Better co-ordinating winter weekend events will encourage local participation and draw visitors to Sylvan Lake.
“From the Christmas parade forward, we have to co-ordinate better and build (events) on each other,” said mayor Susan Samson.
“We have to do a few more combined things as opposed to stand-alone events. We need to connect these dots a lot better.”
This past weekend’s Pond Hockey Tournament tops a list of winter events designed to engage locals and attract visitors.
Others include the Santa Claus Parade and Breakfast with Santa, Winterfest on the Family Day weekend and its popular Polar Dip and the Foothills Speedskating Marathon Association’s races over two weekends, including a new 24-hour marathon charity fundraiser.
“The speedskating events were a unique cultural event, but I didn’t feel we got the public down there involved in that. It didn’t draw the crowds I had hoped.”
It surprised her that the Second Gear Club of Calgary’s car and motorcycle races were held the same weekend since the club didn’t advertise them.
“Internally they do their thing, but they don’t do it externally. Next year we’ll attempt to co-ordinate those events.”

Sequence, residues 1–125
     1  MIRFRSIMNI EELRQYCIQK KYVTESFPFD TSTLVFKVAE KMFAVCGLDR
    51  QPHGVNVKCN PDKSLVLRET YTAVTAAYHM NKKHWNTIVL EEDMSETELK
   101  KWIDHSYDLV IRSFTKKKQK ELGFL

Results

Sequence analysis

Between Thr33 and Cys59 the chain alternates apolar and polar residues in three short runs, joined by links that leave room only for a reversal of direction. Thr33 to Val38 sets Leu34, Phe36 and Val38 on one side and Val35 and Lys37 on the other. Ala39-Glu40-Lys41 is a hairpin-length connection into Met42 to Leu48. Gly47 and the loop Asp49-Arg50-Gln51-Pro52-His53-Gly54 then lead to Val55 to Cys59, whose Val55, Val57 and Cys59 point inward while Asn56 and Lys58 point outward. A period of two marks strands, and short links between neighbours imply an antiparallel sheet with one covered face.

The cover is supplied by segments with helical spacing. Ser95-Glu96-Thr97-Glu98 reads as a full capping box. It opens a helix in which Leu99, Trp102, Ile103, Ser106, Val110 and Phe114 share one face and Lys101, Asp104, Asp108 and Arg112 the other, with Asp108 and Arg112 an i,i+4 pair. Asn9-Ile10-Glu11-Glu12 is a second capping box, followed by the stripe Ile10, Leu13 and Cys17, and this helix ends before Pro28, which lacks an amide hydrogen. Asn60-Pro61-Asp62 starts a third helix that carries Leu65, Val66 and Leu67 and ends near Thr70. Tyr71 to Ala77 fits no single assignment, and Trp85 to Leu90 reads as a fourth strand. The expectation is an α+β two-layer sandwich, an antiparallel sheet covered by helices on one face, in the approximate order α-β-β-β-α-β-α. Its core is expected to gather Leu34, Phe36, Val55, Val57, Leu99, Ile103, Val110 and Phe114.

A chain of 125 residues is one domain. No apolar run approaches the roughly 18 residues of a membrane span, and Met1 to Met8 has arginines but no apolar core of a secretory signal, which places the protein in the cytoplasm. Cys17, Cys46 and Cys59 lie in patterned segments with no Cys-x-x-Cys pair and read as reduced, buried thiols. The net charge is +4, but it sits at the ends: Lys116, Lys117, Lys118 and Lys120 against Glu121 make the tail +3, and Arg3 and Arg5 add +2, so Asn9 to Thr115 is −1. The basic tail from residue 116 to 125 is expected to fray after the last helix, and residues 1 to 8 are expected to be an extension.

Dwayne Stoesz, the newly installed Sylvan Lake Chamber of Commerce president, says his group wants to be involved.
“The chamber is always open to participating in anything that will help promote the town whether put on by the town or a local business or a community group.”
Samson hopes getting the word out about events will improve with the town’s new Web site, a new economic development officer starting Mar. 11, social media and traditional means such as the town’s program guide, newspapers and word of mouth.
Connecting with families through school newsletters is proving successful.
“We had two sold out sittings of Breakfast with Santa and the new Yuletide Festival last year raised $12,000 for our urgent care facility.”
Another option is making better use of sites developed for events such as the speedskating course, which the town helps develop through a $10,000 grant.
“Why can’t we do something with it and maintain it?” she asked, adding keeping Lakeshore Drive and Centennial Park paths snow free is popular with both residents and visitors.
“The top three things in our recent needs assessment said people were worried about not being active, too much stress and their finances. Just about everything we do is family oriented and they’re all at no cost.
“I like to think of ourselves as a winter community and we have to embrace that season.”
The fourth annual Pond Hockey Tournament drew 26 teams with clever names like the Hatrick Swayzes and Manchesthair. Players in the three-day town-sponsored event used boots, not skates, Saturday as above 0 C temperatures made ice soft before Sunday’s blizzard buffeted them with wind-driven snow.